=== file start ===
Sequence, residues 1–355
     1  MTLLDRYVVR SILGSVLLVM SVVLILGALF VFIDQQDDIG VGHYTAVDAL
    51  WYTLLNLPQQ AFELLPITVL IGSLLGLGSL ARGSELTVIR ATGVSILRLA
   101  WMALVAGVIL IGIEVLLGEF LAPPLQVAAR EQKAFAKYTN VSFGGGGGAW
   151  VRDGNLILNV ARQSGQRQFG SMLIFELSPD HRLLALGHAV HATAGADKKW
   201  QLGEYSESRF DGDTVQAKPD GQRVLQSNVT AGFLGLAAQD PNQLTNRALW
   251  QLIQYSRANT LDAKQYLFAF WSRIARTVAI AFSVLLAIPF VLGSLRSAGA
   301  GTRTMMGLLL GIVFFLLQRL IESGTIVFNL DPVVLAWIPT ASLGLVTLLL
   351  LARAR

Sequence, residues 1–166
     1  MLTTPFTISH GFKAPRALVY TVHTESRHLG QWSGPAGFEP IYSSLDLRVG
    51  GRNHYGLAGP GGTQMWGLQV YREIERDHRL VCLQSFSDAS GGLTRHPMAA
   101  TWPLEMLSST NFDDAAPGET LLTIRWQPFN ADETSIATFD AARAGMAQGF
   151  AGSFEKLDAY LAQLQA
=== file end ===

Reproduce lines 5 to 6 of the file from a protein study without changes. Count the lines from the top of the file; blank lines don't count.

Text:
   151  VRDGNLILNV ARQSGQRQFG SMLIFELSPD HRLLALGHAV HATAGADKKW
   201  QLGEYSESRF DGDTVQAKPD GQRVLQSNVT AGFLGLAAQD PNQLTNRALW